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Cenestin: Treatment of Vasomotor Symptoms Associated with Menopause

Last updated on October 8, 2021

Brand Name: Cenestin
Active Ingredient: synthetic conjugated estrogens, A
Indication: Treatment of moderate to severe vasomotor symptoms associated with menopause.
Company Name: Duramed Pharmaceuticals, Inc.
Availability: Prescription only


On March 24, 1999 the FDA granted approval to Duramed Pharmaceuticals, Inc. to market CenestinTM (synthetic conjugated estrogens, A) Tablets, a new plant-derived synthetic conjugated estrogens product for the treatment of moderate-to-severe vasomotor symptoms associated with menopause.

Cenestin is a blend of nine synthetic conjugated estrogens derived from plant sources that provides an alternative to animal-derived estrogens. Currently, Cenestin is approved only for short-term use and no long-term studies, such as in the prevention of osteoporosis, have been completed.

Cenestin: Treatment of Vasomotor Symptoms Associated with MenopauseMenopause Facts

The average age of American women at menopause is 51.

According to the American College of Obstetrics and Gynecologists, the first wave of “Baby Boomer” women (born 1945 – 1960) are now entering menopause and another 20 million will reach menopause in the next decade.

Currently, more than 40 million women in the U.S. are over 50 and eligible to take either ERT (estrogen only) or HRT (estrogen with a progestin).

How It Works

As estrogen levels decrease during menopause, some women experience unpleasant symptoms such as hot flashes or hot flushes. The use of an estrogen replacement, such as Cenestin, allows the body to adjust to lower estrogen levels, thereby reducing these symptoms. The majority of women with these symptoms do not need estrogen replacement for longer than six months.

Cenestin: Clinical Study Results

The effectiveness of Cenestin in treating vasomotor symptoms was evaluated in a randomized, placebo-controlled study involving 120 menopausal women. The 0.625 mg daily dose of Cenestin was titrated up or down as required. After 12 weeks’ treatment, 77% of patients required a dose of 1.25 mg per day. Compared to placebo, Cenestin reduced moderate-to-severe vasomotor symptoms at all time points.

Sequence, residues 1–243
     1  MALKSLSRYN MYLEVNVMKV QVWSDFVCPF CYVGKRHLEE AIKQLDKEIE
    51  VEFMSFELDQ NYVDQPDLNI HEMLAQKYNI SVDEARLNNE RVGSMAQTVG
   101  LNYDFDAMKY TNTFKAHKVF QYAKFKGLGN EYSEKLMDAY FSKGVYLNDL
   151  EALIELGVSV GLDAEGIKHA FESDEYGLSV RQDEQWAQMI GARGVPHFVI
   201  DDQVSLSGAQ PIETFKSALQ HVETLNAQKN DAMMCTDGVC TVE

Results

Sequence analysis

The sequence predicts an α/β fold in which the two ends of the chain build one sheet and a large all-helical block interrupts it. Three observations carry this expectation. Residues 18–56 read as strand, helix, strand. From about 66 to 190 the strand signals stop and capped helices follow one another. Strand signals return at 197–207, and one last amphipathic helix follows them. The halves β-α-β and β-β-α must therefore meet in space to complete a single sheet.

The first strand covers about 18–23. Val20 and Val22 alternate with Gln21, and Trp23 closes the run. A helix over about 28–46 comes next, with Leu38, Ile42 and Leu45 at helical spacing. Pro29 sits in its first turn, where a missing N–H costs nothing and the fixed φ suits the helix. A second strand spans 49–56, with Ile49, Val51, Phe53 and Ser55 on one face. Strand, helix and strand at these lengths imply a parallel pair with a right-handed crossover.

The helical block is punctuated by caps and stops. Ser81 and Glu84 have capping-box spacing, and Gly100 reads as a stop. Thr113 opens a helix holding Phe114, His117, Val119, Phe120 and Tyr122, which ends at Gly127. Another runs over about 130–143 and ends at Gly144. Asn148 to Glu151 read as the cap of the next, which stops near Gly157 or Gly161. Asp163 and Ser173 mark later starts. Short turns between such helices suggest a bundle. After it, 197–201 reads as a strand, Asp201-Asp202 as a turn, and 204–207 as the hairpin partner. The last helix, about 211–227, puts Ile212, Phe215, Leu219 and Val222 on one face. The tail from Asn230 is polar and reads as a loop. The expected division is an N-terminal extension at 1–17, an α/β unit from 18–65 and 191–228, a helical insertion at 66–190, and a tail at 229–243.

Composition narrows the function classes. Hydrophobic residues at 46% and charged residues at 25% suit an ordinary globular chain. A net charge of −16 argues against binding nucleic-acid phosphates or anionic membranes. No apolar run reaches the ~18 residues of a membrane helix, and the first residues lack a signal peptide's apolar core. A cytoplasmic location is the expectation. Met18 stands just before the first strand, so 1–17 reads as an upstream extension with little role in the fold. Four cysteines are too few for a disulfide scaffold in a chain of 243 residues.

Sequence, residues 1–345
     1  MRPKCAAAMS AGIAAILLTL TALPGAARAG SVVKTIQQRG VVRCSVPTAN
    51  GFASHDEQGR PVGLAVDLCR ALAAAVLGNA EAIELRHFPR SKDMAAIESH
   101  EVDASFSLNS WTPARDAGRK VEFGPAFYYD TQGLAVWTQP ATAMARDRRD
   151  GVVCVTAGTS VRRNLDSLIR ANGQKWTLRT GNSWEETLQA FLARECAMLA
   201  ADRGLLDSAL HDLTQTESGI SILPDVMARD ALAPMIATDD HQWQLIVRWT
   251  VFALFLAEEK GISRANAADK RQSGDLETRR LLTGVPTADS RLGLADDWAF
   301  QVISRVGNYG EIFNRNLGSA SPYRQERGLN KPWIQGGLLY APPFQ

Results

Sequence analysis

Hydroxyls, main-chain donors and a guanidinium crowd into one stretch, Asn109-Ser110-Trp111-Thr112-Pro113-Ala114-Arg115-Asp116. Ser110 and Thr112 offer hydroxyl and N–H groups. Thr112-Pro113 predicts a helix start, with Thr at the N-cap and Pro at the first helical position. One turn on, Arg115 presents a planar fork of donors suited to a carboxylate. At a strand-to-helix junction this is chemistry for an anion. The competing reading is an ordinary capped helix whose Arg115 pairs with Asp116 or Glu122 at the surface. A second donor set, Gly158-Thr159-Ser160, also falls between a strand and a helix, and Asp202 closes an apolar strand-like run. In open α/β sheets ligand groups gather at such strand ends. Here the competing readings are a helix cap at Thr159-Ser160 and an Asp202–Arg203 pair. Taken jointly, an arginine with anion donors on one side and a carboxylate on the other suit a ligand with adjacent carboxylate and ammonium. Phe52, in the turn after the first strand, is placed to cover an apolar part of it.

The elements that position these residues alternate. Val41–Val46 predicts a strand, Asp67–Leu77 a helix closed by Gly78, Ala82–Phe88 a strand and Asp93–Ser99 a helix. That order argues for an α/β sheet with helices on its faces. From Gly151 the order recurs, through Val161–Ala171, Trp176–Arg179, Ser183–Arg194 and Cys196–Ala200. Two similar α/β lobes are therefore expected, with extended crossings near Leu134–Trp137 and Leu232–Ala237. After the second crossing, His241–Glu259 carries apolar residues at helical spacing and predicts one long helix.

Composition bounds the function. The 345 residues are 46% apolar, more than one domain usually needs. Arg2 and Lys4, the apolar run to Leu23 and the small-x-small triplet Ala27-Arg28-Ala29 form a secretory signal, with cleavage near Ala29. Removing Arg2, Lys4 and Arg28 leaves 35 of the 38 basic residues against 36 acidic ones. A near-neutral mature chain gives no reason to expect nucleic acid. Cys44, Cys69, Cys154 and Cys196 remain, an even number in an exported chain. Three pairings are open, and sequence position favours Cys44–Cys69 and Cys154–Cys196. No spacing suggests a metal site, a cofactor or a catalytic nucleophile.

What The Patient Should Know

Like all estrogen drug products, Cenestin should not be used in women with known or suspected pregnancy, breast cancer, or estrogen- dependent neoplasia, undiagnosed abnormal genital bleeding, active thrombophlebitis, or thromboembolic disorders.

The risk of developing cancer of the uterus increases with the dosage and duration of estrogen replacement therapy. Therefore it is important to ascertain that the lowest effective dose is being used and for no longer than is necessary. Using progesterone therapy together with estrogen therapy may reduce the risk of uterine cancer related to estrogen use.

An increased risk of breast cancer in patients who have used estrogens has not been shown in most studies. However, some studies have shown an increased rate in women who used estrogens for long periods or at high doses for shorter periods. A regular breast examination by a health professional and monthly self-examination is recommended. Yearly mammography is recommended beginning at age 50.

Estrogen use can increase the coagulability of blood, possibly resulting in stroke, myocardial infarction, or pulmonary embolism.

Gallbladder disease needing surgery is more likely to develop in women who use estrogens after menopause compared to those who do not use estrogens.

Patients should be informed that nausea and vomiting, breast tenderness or enlargement, enlargement of benign tumors of the uterus (fibroids), retention of excess fluid, or spotty darkening of the skin can occur with the use of estrogens.

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